In her latest post, ACE Fellow Audrey Bilger argues for a leadership style that stresses “adaptive authenticity.”
The ACE Fellows Program can be hard to explain.
For anyone interested in taking on the challenges of higher education leadership, it sounds too good to be true. Fellows have access to executive leaders at a host institution, receive special mentoring by their home institution and benefit from an array of resources designed to pave the way for future success, such as training, case studies, and an established network.
When I tell colleagues and friends about my ACE experience, they often look at me in disbelief, expressing amazement that home institutions would make such a significant investment and that host institutions would open their doors—and even confidential meetings—to outsiders. I am frequently asked, “What’s in it for them?”
I usually explain that fellows bring “fresh eyes” to our hosts and return to home with new ideas and perspectives; we work on projects, assignments, and reports. Now that I am at the mid-point of my ACE fellowship, however, I have come to the gratifying and somewhat daunting realization that the product of this year will be me—not as I was when I started this journey, but what promises to be a dramatically altered me.
Every experience I have had so far has required a level of self-scrutiny and questioning that has made the year unlike any other in my career. At the start of my year as an ACE Fellow, I pondered whether I was suited for a leadership role in higher education. Now, I spend time imagining what sort of leader I will be.
In shadowing the talented, energetic and creative executives at my host institution, the University of California Riverside, I get to see leadership styles that both resemble and differ from mine. I witness what works for them and imagine whether their approach might work for me in a similar situation.
As I contemplate how I might learn from these examples, I think a great deal about authenticity. While I recognize that some styles will simply come more naturally to me than others, at the same time, I am eager to try new approaches and see how they fit.
In a recent Harvard Business Review article, “The Paradox of Authenticity,” Herminia Ibarra discusses the current emphasis on authenticity in theories of leadership and declares, “a simplistic understanding of what it means can hinder your growth and limit your impact.”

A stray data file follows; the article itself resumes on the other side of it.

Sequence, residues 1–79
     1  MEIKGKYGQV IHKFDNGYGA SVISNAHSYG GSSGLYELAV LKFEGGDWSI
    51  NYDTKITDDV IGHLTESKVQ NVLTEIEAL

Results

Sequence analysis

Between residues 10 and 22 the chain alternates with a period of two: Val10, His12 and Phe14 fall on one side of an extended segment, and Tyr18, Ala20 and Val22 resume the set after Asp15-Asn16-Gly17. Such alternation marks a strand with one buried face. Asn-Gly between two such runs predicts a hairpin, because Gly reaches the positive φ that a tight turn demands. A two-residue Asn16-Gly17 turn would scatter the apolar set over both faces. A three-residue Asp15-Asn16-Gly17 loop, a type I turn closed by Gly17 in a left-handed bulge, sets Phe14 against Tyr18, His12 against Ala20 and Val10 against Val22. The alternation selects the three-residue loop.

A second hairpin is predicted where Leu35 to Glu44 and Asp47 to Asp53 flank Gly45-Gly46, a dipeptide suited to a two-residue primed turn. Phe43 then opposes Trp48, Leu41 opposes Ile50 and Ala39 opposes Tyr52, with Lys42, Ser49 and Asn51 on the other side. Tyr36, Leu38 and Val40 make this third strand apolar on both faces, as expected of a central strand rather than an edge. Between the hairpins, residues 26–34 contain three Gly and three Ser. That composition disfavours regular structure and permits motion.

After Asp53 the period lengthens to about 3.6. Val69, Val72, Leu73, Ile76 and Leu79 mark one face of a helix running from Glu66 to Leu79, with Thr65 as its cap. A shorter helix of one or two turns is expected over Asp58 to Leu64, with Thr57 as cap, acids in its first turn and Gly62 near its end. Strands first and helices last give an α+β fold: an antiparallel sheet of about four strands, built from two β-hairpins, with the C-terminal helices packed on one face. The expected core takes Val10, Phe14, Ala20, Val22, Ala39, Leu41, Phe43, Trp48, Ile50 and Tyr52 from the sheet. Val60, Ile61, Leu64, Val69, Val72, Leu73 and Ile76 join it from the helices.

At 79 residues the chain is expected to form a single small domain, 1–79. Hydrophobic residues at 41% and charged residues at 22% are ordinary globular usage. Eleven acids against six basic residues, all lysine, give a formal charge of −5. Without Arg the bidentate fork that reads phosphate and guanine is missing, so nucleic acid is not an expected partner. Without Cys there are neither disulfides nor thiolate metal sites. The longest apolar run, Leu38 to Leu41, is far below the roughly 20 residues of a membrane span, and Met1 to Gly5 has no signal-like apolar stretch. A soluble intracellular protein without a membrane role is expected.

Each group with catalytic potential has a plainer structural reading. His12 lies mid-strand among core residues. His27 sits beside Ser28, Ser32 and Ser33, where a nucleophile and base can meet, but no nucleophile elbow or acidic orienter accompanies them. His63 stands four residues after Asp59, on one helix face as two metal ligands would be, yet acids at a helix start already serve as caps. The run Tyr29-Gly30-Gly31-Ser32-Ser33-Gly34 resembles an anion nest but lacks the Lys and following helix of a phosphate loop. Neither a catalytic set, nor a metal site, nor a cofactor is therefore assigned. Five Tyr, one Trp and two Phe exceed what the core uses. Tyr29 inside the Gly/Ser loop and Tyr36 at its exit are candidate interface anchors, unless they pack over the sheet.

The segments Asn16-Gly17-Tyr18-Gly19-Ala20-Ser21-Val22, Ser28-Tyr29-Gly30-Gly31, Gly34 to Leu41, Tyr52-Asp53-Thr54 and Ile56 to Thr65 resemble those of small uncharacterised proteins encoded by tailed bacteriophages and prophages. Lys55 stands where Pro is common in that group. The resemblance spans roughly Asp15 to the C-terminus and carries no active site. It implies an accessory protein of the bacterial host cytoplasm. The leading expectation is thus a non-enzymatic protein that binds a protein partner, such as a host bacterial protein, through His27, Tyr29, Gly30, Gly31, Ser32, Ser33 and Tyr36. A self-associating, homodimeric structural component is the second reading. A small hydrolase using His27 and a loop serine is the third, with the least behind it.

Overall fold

According to Ibarra, “true-to-selfers”—people with a fixed sense of their own identity who say, what you see is what you get—are less able to lead effectively because that rigidity impedes their ability to consider other points of view. To combat the downside of an inflexible authenticity, she proposes that leaders cultivate an “adaptively authentic” style, one that evolves out of a “playful frame of mind.”
Think of leadership development as trying on possible selves rather than working on yourself—which, let’s face it, sounds like drudgery. When we adopt a playful attitude, we’re more open to possibilities. It’s OK to be inconsistent from one day to the next. That’s not being a fake; it’s how we experiment to figure out what’s right for the new challenges and circumstances we face.
ACE Fellows have a unique opportunity to develop the kind of adaptive authenticity Ibarra advocates. If, as she argues, “An important part of growing as a leader is viewing authenticity not as an intrinsic state but as the ability to take elements you have learned from others’ styles and behaviors and make them your own,” then the fellowship year is the perfect setting for playful experimentation. ACE Fellows are perfectly situated to follow one of Ibarra’s key pieces of advice: “Don’t copy just one person’s leadership style,” she writes, “tap into many diverse role models.”
Over the past months, I have gotten to know a remarkable team of leaders and have learned a great deal from their rich range of expertise. When I complete my fellowship and move on to whatever comes next, I am certain I will find myself recalling what this or that person did or said in a given circumstance. If it makes sense in the moment, I may echo their words or actions. In doing so, I will strive to preserve the learning spirit of my time as a Fellow and grow rather than limit my authenticity.
Ultimately, my class of ACE Fellows will be entrusted with the responsibility of serving as college and university leaders at a time when the very nature of our enterprise is embattled on many fronts. The stakes are high for everyone.
If we get it right, remaining true to our ideals and adaptably authentic, then the answer to that commonly asked question about the program could be profound: “What’s in it for the institutions we represent and visit?” A brighter future for higher education.
Audrey Bilger is the faculty director of the Center for Writing and Public Discourse and professor of literature at Claremont McKenna College. Her most recent book, Here Come the Brides! Reflections on Lesbian Love and Marriage, coedited with Michele Kort, was a 2013 Lambda Literary Award finalist. She is the author of Laughing Feminism: Subversive Comedy in Frances Burney, Maria Edgeworth, and Jane Austen. She is a member of the Ms. Committee of Scholars and serves on the editorial boards of Pickering and Chatto’s Gender and Genre series and the Burney Journal. Her work has appeared in Ms magazine, the Ms blog, the Paris Review, the San Francisco Chronicle, the Los Angeles Times, and The Los Angeles Review of Books. Follow her on Twitter at @AudreyBilger. Photo above by Greg Allen.